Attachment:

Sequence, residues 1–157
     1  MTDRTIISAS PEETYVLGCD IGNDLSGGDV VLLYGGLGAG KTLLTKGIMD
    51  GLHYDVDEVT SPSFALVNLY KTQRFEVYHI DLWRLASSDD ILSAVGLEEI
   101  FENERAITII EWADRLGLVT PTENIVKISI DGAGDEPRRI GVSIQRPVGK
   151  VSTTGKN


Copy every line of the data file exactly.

Sequence, residues 1–157
     1  MTDRTIISAS PEETYVLGCD IGNDLSGGDV VLLYGGLGAG KTLLTKGIMD
    51  GLHYDVDEVT SPSFALVNLY KTQRFEVYHI DLWRLASSDD ILSAVGLEEI
   101  FENERAITII EWADRLGLVT PTENIVKISI DGAGDEPRRI GVSIQRPVGK
   151  VSTTGKN